4. Mr. Chinoy has disputed the debt of the company on the ground that the petitioners are not entitled to recover any amount from the company until or before the contract is completed. He has relied upon the minutes of the meeting held on November 18, 1975, for this purpose. In this connection Mr. Doctor, who appears for the petitioners, has rightly pointed out that, at the meeting, the petitioners had merely agreed not to adjust their claim against the bills. They had not given a go-by to the agreement of September 3, 1975, whereunder the loan amount had to be repaid in any event before August 31, 1976. Hence, in any event, on August 31, 1976, the amount of the loan has become payable by the company to the petitioners. He has further pointed out that the petitioners had agreed with the banks not to press for dues until the completion of the contract and that there was no such agreement between the petitioners and the company. It is true that the averments made by the company in their affidavit in reply to the effect that nothing is due and payable by the company until the competition of the contracts have not been properly denied by the petitioners in their affidavit in rejoinder. The substance of para. 20 of the affidavit filed on behalf of the petitioners in rejoinder seems to suggest that the petitioners had acceded to the request made by the banks. But this argument need not be examined any further in view of the provisions of s. 434(1)(c) of the Companies Act. The question whether a debt is due at the date of filing of the petition is relevant in a case where the company is deemed unable to pay its debts under s. 434(1)(a) and is sought to be wound up only on that ground. Under s. 434(1)(a), the company is deemed unable to pay its debts if a creditor by assignment or otherwise, to whom the company is indebted in a sum exceeding five hundred rupees then due, has served on the company, by causing it to be delivered at its registered office, by registered post or otherwise, a demand under his hand requiring the company to pay the sum so due and the company has for three weeks thereafter neglected to pay the sum, or to secure or compound for it to the reasonable satisfaction of the creditor. Here, apart from non-compliance with the statutory notice, even under sub-s. (1)(c), the company is liable to be wound up.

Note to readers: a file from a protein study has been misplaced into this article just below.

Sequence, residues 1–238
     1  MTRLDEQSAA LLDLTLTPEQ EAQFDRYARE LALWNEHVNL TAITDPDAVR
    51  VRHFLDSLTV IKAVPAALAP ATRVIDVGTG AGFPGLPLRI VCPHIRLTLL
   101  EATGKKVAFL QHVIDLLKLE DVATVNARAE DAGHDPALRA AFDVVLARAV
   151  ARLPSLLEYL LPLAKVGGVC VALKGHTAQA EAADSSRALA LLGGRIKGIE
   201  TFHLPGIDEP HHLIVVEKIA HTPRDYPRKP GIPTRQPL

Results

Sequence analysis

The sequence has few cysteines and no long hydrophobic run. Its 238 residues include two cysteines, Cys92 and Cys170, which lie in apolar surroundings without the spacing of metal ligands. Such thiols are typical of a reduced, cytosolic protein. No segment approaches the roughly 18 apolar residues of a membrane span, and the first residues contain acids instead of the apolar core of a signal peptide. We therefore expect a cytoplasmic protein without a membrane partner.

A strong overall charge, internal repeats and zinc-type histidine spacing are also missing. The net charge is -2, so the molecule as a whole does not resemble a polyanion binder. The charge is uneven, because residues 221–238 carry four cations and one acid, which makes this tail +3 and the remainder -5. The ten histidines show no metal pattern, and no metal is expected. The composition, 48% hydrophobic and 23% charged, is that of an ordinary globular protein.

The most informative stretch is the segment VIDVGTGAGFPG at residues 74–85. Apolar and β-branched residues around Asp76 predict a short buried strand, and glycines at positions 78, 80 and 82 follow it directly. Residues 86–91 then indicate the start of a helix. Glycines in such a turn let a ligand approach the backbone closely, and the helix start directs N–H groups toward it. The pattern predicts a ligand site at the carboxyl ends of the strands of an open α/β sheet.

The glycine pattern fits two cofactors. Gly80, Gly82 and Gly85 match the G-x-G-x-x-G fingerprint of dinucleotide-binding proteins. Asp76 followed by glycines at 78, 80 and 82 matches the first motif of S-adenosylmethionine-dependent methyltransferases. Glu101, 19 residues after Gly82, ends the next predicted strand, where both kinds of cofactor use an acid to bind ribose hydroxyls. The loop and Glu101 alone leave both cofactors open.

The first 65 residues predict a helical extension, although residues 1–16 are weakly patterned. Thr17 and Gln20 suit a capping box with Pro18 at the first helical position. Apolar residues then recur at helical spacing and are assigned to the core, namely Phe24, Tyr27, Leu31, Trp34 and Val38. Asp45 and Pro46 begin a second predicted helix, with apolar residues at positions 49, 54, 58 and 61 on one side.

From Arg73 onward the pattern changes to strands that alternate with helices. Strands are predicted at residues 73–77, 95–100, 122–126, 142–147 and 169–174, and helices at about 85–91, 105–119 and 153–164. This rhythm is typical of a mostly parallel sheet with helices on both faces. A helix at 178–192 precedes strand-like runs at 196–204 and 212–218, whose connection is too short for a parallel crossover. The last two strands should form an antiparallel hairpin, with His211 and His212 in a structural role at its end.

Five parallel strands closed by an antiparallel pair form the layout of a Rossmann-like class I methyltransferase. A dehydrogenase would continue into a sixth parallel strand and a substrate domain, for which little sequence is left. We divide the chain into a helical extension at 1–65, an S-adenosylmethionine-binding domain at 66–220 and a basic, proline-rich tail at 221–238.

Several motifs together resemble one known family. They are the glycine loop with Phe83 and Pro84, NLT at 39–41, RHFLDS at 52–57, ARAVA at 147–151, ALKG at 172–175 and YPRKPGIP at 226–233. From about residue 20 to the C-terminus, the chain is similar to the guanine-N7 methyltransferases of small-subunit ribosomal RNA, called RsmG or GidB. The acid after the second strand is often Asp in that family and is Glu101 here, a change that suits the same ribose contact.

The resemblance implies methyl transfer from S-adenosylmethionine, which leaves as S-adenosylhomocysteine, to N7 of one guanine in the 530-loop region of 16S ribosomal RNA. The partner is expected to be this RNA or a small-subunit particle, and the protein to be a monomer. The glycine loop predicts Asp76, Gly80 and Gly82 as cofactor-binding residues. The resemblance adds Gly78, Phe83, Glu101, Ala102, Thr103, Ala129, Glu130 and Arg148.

5. Mr. Chinoy has next argued that the company that the company has a valid counter claim against the petitioners for a sum of Rs. 23,21,806. This appears to be a counter-claim as and by way of damages for various acts and omissions of the petitioners. The particular of this counter-claim are set out at Ex. 3 to the affidavit in reply on behalf of the company. I am not satisfied that the counter-claim has any substance. It appears to have been filed purely with a view to meet the claim of the petitioners in this petition. Hence, at this stage. I have not attached much importance to this counter-claim. A mere examination of the heads of damages set out at Ex. 3 would go to show that the main grievance of the company appears to be that the petitioners did not advance sufficient amounts to them by way of loans as and when the company required them. Such a counter-claim be an answer to a petition for winding up. Mr. Chinoy has strenuously urged that the company is at present in financial difficulties because of the default of the petitioners in not lending them monies as required by the company. I am not satisfied that the petitioners have committed any defaults.
6. He has next pointed out that the company is in financial difficulties on account of factors beyond its control which are set out in the company's affidavit in reply. This is not a ground for not winding up a company which is commercially totally insolvent. He has also urged that public interest requires that the company should survive, apparently because the company is engaged in the activity of constructing boats for the Navy. The company seems to be under the impression that its existence is so vital that the Government institutions, banks, etc., must advance to it large amounts of money it to survive. In my view, it would be totally contrary to public interest to allow such a company to survive. The company is in grave financial difficulties. Its capital base is extremely small. It has, therefore, incurred heavy debts for which there are no prospects of recovery at all. In a case like this, the court has no alternative but to admit the petition for winding up.
7. Mr. Chinoy has lastly urged that the petitioners have filed this petition mala fide with the intention of capturing the boat-yard of the company. In support of his contention he has urged that the petitioners knew that the debts were not presently payable. There is no substance in this argument either. There are 24 boats which are lying unfinished with no prospects of their completion. Under such circumstances, it is disingenuous on the part of the company to urge that the petitioners should wait till after the completion of the contracts when they fully knew that there are no prospects of completing the contracts.
8. The petition is accordingly admitted. The petition should be advertised in the Indian Express, Bombay Samachar and the Maharashtra Government Gazette.
9. Hearing of the petition is fixed for August 22, 1979.
10. Mr. Doctor states that the petitioners will not advertise the petition for a period of one week from today.